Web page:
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Dear Kelly,

I cried when I read your post. I can't imagine a 25 year old having to go through what you have, and I think you are an incredible person.

As far as questioning your decisions....don't, please. I hope this sounds right, but death is not always the worst thing to happen. It sounds like both of your parents were in bad shape, to say the least, and an end to that kind of suffering is like a blessing, except for the people left behind. I have to remind myself every day that my dad (who died a year ago last month) is, hopefully, now at peace. There is a wonderful book (which I have recommended several times on this board!) called "Final Gifts". It is written by hospice nurses and gives you a whole different, and comforting, view of death. You might find some peace reading it. I did. I think you made courageous and unselfish choices for both your parents.

The more posts you read on this board, you will realize how many of us go through not having people understand our grief and how long it is lasting. Just ignore them and feel what you want to. Take care of yourself and your sis first and don't worry about anything else. I also understand that "bombarded" feeling. Since my dad has died my mom has become more helpless and confused. I live with her and take care of her and am so grateful I can.I love her with all my heart and worry about her constantly. But I have had to take over everything and some days I feel like I just can't handle one more problem, no matter how small or big it is! At those times I try (if I can manage a few minutes) to just go to my room or outside and do some deep breathing. Even if I just get a couple of minutes, it helps a little. I repeat "Take one moment at a time" over and over!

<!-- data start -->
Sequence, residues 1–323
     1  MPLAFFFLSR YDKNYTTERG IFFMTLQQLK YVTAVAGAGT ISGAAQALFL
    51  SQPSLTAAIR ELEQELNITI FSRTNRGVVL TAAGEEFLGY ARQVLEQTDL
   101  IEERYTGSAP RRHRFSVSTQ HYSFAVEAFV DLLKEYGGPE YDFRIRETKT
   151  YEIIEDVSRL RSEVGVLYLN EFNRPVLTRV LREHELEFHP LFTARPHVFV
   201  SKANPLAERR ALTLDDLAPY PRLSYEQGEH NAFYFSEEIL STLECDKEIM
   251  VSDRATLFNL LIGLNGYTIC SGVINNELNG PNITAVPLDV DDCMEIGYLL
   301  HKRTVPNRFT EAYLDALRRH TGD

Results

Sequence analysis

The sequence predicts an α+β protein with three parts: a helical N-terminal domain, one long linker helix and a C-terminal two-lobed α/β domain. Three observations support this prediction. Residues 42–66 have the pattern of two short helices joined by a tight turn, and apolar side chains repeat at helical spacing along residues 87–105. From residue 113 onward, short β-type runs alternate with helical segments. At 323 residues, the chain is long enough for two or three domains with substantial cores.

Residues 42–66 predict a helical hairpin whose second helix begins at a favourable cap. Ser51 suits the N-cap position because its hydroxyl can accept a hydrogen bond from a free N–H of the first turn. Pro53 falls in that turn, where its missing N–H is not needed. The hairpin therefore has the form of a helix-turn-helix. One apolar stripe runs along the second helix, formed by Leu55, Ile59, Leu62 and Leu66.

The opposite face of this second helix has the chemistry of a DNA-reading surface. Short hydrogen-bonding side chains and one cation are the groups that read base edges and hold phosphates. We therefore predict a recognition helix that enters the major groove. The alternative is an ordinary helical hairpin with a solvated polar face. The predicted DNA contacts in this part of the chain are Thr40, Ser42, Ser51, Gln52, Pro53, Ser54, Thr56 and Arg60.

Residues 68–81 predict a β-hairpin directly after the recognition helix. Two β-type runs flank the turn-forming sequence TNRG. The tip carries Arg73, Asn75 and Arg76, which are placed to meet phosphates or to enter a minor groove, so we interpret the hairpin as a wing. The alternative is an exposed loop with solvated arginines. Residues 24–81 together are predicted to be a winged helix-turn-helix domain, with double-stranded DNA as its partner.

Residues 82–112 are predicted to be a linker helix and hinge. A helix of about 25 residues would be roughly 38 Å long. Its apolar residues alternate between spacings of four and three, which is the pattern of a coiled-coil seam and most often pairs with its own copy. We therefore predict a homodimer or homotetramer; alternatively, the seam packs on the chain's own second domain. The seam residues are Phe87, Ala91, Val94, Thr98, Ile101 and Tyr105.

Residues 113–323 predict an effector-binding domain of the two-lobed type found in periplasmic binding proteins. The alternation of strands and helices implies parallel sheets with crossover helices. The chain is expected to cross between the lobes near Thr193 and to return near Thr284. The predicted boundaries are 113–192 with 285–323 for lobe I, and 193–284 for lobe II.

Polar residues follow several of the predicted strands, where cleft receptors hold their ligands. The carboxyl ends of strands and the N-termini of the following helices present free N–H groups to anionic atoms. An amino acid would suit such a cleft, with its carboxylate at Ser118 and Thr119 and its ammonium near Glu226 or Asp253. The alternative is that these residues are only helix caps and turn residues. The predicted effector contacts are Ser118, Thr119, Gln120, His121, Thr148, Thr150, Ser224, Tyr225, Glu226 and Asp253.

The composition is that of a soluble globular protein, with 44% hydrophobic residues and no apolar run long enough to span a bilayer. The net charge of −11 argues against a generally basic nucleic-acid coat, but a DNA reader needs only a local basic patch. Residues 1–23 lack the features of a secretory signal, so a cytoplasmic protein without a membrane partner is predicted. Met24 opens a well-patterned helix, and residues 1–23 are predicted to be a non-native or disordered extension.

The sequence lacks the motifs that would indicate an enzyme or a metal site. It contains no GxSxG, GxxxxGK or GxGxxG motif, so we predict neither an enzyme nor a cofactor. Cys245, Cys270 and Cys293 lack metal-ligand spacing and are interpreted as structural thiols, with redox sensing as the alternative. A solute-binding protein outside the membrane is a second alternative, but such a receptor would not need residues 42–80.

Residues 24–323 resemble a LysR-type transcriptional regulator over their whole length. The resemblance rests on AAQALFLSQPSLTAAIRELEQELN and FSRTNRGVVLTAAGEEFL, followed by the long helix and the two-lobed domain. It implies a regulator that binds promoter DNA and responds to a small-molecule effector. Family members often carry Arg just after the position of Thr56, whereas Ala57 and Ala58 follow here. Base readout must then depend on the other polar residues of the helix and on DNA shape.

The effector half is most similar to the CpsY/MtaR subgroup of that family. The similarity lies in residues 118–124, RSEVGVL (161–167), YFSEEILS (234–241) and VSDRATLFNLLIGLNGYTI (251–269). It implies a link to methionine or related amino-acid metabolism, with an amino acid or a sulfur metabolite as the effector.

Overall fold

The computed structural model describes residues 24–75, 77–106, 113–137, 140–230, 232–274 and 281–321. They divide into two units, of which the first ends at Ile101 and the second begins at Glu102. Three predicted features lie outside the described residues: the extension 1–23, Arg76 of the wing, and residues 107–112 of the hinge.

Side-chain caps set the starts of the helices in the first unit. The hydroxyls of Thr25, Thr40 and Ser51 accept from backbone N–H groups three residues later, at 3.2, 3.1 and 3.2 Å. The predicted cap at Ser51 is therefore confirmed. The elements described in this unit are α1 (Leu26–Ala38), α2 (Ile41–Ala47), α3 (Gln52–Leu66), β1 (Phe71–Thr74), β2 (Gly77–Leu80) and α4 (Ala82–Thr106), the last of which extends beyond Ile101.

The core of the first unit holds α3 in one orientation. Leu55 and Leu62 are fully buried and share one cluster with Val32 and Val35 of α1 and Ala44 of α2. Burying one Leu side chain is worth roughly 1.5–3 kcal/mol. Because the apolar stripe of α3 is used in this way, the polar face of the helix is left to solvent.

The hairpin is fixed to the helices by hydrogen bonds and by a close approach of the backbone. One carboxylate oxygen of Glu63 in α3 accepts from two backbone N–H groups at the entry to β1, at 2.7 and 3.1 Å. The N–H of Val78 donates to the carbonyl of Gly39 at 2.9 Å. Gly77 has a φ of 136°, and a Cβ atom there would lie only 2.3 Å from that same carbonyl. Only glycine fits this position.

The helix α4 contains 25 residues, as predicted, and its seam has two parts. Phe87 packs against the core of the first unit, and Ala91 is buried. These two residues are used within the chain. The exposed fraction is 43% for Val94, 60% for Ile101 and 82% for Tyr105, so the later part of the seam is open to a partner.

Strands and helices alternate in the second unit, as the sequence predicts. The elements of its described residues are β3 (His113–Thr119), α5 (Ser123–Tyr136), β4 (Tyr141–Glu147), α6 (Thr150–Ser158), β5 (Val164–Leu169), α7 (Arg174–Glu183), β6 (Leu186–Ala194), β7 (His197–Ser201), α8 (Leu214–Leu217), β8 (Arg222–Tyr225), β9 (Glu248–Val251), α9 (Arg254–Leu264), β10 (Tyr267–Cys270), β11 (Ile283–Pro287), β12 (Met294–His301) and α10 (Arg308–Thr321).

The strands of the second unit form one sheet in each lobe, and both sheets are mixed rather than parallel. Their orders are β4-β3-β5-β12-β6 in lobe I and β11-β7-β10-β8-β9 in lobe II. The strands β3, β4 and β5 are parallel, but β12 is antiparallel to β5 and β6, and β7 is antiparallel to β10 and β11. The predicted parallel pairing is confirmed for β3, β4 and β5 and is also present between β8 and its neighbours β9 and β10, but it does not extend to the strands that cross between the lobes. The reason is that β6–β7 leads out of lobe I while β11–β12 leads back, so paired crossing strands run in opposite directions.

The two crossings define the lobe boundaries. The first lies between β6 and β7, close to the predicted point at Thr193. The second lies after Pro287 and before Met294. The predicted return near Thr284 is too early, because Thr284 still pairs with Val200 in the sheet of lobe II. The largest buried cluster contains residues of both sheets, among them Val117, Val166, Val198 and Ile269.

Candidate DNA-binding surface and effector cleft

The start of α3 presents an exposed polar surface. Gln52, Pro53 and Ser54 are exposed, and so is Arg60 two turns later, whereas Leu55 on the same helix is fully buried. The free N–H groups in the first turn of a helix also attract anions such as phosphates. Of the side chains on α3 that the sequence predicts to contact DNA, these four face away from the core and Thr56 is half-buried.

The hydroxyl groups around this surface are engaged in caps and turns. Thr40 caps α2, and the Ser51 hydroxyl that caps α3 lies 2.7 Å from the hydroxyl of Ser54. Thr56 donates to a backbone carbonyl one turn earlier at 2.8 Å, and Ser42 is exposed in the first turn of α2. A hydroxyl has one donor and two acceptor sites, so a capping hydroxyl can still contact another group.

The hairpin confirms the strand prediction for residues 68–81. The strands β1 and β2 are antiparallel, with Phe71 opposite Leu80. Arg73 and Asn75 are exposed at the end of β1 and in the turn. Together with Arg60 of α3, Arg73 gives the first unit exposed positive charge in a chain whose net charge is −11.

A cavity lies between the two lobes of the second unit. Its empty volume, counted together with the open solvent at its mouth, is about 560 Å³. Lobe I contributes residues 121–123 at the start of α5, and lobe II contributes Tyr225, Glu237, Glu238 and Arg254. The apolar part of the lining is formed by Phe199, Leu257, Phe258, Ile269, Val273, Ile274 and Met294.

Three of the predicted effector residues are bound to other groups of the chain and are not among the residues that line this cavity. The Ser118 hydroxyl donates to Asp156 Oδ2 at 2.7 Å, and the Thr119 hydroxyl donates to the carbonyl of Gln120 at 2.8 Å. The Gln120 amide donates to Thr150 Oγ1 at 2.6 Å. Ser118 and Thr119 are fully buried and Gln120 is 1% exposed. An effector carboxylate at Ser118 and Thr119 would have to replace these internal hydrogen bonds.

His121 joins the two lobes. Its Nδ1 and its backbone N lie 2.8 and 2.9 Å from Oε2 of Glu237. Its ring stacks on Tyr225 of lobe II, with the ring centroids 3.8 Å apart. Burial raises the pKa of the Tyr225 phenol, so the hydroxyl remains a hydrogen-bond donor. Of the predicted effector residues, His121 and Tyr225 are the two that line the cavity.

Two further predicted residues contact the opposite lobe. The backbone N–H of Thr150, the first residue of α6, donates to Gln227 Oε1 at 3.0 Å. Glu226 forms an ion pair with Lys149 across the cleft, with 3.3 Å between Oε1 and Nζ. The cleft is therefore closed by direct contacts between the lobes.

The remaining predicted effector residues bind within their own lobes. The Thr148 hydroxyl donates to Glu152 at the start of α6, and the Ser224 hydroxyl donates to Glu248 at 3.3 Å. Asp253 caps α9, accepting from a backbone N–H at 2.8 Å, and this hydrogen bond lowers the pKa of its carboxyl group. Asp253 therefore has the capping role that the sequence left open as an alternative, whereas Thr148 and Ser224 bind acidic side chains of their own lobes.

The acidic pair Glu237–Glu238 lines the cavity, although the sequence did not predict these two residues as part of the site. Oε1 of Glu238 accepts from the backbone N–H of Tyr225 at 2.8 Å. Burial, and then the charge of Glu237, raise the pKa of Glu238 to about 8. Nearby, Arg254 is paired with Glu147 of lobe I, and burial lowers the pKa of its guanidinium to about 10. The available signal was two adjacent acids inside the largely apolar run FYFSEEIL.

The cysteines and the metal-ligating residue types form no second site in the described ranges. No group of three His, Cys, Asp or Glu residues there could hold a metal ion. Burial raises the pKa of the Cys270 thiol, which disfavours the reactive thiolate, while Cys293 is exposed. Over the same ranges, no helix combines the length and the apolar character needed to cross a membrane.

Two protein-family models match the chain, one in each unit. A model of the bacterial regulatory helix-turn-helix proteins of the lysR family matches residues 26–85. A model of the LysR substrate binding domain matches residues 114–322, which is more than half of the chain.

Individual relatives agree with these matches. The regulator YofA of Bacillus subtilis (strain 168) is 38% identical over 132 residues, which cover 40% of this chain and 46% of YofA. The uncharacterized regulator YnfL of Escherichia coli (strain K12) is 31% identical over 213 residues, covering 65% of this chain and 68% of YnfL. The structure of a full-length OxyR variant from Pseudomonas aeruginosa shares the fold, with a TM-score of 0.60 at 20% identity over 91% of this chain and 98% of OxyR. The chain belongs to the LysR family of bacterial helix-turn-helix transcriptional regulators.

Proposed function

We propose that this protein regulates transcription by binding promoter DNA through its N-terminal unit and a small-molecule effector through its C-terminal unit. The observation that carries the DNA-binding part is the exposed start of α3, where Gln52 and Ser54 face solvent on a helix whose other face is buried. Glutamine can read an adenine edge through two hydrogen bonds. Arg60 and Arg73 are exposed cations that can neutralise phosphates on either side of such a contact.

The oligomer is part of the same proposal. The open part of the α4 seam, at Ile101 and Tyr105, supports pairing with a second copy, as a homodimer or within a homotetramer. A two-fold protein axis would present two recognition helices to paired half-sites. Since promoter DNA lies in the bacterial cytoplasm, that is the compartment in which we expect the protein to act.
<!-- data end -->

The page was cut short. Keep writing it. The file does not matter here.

Please keep posting. As I said before, you are an incredible young woman.

Hugs to both of you,


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Dear Kelly,

I'm so very sorry to hear your own, sad story about your parents. Shell is right - how incredibly difficult this must have been, especially when you're still so young. One thing in particular that you said at the end, really hit home for me...

"But the questions remain. What if I had fought harder for them? What if I had explored alternatives? Second opinions? New treatments? Psychic healers for God's sake. I should have tried ANY and EVERY thing that may have had the smallest chance. But I didn't. I let them go. And it haunts me."

This is what I actually did try to do, at least to a certain extent, when my fur-baby was sick with cancer, and while I ended up trying 3 or 4 different methods, in the end nothing worked out anyway. I can argue with myself that I didn't pick the right methods to try, but have come to the conclusion that I didn't know about everything that was out there ( true ) and in my case, I wasn't given much time to research it all anyway. But one of the most important aspects of this entire mental and emotional, inner debate, is that there was one thing negative about this course of action and that is: all that research and liasing, etc. didn't leave me enough time to just BE WITH my beloved boy, so in a very big sense, I feel like I wasted the precious, little time that was left for us to be together - spent more often than not on the phone, or giving him things he hated. And in the end, it really seemed like his death was just meant to be, regardless of anything I tried to do to stop it, or at least delay it.